Synopsis: Kondo effect lights up

Optical spectroscopy in quantum dots finds new ways to explore an old many-body problem.
Synopsis figure
Credit: H. Türeci et al., Phys. Rev. Lett. (2011)

As one of the few tractable problems in many-body physics, the Kondo problem—the interaction between an impurity spin and a surrounding sea of conduction electrons—has been a staple of condensed matter theory and experiment. First observed in the 1930s as an anomalous increase in the low-temperature resistance of metals embedded with magnetic atoms and understood only three decades later (many theorists contributed, some more than Kondo), the Kondo effect attracted renewed interest with its realization in quantum dots.

Optical spectroscopy may again breathe fresh air into this problem. In a paper appearing in Physical Review Letters, Hakan Türeci at Princeton University and colleagues in the US and Europe present calculations, connected to experiments to be published elsewhere, that ask: How does the many-body Kondo state evolve when the interaction is turned on (or off) rapidly with light?

The authors assume a semiconductor quantum dot coupled, by tunneling contacts, to a Fermionic reservoir. Initially, the electrons on the quantum dot have a net spin of zero, but laser light tuned to the right frequency can excite an electron into the conduction band of the quantum dot that interacts with the electrons in the reservoir.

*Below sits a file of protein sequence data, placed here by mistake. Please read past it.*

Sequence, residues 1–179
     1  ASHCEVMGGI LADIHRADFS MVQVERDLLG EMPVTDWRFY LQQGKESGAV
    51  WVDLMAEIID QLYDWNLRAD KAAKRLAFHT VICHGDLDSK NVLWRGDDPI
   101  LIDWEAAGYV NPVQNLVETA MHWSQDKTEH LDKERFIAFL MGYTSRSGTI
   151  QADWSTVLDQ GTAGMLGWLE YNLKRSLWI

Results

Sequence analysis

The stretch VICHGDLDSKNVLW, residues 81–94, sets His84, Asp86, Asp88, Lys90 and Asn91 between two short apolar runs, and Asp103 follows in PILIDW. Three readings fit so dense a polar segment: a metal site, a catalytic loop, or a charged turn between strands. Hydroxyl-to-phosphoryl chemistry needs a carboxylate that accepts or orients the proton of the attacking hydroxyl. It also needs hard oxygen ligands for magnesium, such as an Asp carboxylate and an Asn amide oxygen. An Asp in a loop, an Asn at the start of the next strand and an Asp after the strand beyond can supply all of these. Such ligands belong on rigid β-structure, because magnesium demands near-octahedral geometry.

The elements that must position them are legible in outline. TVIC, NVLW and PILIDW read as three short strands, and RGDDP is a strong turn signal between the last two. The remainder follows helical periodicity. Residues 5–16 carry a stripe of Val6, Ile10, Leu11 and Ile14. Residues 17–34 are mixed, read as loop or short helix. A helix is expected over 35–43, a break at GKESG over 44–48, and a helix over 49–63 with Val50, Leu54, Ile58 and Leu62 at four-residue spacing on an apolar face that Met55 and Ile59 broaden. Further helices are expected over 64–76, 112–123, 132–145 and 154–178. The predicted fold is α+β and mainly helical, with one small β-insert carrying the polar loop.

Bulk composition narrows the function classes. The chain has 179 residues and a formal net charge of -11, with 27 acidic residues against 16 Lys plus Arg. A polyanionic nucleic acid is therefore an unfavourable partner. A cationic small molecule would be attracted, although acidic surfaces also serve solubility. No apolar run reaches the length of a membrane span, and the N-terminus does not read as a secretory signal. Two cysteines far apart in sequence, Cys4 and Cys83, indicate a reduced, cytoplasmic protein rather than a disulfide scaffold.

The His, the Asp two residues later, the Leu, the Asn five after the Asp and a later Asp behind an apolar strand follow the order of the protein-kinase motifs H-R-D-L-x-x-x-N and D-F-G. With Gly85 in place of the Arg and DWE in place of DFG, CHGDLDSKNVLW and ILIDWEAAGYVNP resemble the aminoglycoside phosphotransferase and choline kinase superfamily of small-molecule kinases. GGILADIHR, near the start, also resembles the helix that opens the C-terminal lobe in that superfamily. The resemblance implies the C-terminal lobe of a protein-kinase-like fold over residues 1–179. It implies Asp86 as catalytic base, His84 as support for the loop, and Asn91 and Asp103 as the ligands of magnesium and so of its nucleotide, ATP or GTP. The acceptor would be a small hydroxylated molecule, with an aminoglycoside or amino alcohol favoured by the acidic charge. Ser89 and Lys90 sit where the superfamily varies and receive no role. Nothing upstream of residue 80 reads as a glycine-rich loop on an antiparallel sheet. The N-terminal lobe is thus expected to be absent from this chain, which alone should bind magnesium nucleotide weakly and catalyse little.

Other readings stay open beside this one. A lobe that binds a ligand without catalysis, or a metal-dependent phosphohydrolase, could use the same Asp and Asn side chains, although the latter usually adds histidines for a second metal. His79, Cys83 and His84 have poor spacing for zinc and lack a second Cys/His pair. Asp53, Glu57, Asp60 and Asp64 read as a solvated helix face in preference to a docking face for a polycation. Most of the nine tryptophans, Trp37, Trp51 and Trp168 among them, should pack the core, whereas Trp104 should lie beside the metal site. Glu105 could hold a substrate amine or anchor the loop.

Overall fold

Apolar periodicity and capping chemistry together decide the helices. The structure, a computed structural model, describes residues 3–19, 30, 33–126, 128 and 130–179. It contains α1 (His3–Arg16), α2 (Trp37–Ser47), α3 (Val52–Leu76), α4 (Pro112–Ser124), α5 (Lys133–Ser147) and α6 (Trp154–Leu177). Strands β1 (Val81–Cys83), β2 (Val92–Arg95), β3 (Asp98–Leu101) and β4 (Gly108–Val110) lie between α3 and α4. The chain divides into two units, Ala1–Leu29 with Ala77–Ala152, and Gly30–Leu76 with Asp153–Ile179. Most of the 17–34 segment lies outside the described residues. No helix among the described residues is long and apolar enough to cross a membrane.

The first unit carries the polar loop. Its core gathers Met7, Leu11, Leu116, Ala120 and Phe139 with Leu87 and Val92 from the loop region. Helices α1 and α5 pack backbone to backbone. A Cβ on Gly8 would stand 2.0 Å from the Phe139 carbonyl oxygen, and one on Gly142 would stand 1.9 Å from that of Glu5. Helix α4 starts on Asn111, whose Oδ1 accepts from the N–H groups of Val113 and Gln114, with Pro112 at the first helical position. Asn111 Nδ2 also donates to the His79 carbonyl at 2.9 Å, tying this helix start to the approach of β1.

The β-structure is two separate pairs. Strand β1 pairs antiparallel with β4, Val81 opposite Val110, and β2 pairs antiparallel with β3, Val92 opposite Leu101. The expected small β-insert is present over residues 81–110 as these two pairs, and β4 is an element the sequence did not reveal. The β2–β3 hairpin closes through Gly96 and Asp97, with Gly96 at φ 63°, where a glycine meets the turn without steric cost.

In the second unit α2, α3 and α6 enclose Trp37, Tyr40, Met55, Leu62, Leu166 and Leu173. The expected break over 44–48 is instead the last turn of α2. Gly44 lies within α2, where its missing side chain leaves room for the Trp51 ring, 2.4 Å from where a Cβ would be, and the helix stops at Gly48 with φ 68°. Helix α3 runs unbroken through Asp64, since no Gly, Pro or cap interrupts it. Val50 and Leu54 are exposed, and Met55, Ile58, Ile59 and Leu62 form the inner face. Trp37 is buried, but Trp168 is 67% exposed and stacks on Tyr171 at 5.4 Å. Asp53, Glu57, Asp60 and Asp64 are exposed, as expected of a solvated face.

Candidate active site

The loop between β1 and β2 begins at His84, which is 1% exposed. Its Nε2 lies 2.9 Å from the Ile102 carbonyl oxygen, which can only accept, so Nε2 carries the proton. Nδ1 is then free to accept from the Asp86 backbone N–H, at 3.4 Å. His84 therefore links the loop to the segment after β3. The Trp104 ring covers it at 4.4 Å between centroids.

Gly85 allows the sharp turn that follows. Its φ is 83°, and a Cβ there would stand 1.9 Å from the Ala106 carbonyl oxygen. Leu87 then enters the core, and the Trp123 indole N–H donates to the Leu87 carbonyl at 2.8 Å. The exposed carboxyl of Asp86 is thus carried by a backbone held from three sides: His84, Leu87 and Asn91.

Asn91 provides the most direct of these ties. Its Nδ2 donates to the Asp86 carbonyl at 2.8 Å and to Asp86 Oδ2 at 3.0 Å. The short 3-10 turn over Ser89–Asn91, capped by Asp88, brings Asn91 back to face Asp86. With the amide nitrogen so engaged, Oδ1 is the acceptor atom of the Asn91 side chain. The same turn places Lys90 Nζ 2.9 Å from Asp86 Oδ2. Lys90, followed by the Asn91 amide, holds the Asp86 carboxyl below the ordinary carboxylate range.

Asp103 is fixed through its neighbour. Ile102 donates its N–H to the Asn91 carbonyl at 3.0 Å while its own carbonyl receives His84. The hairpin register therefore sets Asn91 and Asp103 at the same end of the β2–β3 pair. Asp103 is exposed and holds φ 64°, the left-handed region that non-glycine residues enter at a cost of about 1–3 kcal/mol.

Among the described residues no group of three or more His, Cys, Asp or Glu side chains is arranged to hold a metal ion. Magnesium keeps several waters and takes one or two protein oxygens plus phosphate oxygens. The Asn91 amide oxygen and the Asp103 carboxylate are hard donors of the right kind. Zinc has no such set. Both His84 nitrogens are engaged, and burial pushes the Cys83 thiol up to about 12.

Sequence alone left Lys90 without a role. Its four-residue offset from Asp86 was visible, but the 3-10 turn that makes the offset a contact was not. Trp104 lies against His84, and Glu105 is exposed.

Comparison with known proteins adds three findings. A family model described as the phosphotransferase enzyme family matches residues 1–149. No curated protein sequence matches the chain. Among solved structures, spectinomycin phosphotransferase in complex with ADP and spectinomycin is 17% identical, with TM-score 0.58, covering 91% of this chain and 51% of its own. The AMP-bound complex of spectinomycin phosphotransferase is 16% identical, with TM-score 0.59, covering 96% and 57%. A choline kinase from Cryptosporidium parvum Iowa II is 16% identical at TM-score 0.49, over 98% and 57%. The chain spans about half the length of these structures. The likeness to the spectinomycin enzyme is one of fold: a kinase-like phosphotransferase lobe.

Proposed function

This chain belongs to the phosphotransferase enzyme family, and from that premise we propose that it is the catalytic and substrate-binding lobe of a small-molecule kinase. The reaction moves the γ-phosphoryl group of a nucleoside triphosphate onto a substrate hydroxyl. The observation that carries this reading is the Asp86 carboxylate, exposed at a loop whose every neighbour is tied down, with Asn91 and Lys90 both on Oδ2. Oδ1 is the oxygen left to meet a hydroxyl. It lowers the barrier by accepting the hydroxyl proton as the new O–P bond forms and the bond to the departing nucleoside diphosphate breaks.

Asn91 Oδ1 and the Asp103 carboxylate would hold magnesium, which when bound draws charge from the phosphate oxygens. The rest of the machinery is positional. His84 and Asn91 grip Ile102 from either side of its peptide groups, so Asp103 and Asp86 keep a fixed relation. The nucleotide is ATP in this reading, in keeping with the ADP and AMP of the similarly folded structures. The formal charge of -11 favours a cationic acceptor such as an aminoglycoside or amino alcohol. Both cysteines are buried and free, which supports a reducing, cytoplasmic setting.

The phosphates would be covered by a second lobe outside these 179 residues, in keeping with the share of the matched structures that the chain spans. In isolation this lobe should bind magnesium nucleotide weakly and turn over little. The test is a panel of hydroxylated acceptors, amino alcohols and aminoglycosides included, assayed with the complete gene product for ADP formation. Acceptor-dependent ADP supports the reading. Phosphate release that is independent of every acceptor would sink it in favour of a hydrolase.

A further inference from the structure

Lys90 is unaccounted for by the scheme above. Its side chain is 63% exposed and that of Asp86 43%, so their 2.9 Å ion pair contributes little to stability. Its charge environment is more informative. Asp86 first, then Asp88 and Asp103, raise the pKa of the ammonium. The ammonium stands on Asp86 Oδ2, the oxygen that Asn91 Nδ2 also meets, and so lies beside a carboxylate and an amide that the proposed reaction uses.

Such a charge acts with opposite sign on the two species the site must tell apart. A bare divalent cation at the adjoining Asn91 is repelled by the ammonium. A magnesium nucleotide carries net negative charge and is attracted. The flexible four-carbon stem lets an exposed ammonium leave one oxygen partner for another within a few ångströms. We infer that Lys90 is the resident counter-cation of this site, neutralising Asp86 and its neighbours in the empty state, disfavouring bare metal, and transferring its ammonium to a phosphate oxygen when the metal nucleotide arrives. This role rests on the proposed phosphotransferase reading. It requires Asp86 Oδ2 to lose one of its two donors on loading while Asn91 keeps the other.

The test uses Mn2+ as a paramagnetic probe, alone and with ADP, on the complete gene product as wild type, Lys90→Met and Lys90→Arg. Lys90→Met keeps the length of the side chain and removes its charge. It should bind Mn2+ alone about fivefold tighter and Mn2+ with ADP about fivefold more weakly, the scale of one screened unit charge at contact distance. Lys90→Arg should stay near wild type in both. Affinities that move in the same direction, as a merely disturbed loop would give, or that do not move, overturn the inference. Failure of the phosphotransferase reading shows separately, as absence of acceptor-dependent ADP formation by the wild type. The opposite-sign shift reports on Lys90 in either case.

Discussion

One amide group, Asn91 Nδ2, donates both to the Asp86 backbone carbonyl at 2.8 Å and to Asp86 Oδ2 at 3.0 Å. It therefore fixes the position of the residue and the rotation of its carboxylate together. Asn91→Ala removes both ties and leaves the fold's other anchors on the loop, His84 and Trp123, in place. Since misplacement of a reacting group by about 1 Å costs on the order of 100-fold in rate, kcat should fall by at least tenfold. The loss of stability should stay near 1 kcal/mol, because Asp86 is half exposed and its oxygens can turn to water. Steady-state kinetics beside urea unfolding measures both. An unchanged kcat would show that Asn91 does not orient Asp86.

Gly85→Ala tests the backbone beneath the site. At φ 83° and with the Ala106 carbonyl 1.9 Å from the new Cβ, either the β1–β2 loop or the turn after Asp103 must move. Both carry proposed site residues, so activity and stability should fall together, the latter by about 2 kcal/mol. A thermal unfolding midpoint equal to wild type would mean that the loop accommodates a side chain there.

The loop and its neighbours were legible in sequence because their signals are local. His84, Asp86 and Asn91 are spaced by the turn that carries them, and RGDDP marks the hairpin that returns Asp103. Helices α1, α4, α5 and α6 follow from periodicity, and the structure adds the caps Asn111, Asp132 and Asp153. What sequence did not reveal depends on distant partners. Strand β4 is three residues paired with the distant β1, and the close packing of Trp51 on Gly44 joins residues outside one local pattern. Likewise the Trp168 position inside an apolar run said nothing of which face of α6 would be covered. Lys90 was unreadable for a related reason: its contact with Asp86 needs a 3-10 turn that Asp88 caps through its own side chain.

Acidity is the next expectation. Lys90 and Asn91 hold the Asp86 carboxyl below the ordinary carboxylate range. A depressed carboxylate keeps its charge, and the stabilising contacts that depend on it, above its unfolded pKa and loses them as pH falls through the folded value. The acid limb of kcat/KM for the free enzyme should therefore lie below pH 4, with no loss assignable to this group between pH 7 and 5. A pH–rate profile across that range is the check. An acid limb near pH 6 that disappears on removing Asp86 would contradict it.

The ability to rapidly turn the Kondo effect on with light offers a unique way to explore the so-called Anderson orthogonality catastrophe—a prediction about how violently the quantum many-body state of the electronic reservoir changes in response to a sudden change in the scattering potential (in this case, the spin). Signatures of this “catastrophe” are visible in the tails of the optical absorption line shape and, according to Türeci et al.’s calculations, should be tunable with a magnetic field. – Jessica Thomas


Features

More Features »

Announcements

More Announcements »

Subject Areas

OpticsMesoscopics

Previous Synopsis

Interdisciplinary Physics

Cathedral’s invisible earthquake damage

Read More »

Next Synopsis

Materials Science

Metals are supercool

Read More »

Related Articles

Viewpoint: Inducing Transparency with a Magnetic Field
Optics

Viewpoint: Inducing Transparency with a Magnetic Field

A magnetic field applied to an atomic sample in an optical cavity generates optical transparency that could be used to enhance the frequency stability of lasers. Read More »

Focus: <i>Image</i>—Honeycomb Diffraction
Photonics

Focus: Image—Honeycomb Diffraction

Predictions of diffraction patterns for honeycomb photonic crystals were part of a comprehensive study of these structures that may be useful in nanoscale photonic devices. Read More »

Synopsis: Laser Stars Under the Lens
Astrophysics

Synopsis: Laser Stars Under the Lens

Raman scattering could contaminate astronomical observations that use artificial, laser-generated “stars” to correct for the effect of atmospheric turbulence. Read More »

More Articles